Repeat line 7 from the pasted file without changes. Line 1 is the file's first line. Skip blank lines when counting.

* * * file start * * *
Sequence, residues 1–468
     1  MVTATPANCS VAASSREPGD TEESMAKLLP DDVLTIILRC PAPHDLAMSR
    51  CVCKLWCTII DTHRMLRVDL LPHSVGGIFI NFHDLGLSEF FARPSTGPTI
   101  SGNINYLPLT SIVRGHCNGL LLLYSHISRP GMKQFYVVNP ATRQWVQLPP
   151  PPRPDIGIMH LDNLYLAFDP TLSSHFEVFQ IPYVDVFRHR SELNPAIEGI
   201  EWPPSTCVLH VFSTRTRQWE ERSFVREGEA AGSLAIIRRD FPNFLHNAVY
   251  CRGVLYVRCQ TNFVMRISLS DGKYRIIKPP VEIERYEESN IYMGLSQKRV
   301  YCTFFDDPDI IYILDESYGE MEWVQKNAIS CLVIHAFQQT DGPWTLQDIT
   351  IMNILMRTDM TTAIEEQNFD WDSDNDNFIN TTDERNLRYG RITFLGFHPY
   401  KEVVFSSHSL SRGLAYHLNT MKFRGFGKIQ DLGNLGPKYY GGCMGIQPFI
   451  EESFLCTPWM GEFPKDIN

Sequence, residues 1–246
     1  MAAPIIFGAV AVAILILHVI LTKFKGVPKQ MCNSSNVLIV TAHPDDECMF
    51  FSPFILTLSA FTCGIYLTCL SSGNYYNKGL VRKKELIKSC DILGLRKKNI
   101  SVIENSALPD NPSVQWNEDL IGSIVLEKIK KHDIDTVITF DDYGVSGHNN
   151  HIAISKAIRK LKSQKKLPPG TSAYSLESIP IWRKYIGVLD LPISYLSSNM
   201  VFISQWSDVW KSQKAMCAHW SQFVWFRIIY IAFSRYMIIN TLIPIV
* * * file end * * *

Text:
   251  CRGVLYVRCQ TNFVMRISLS DGKYRIIKPP VEIERYEESN IYMGLSQKRV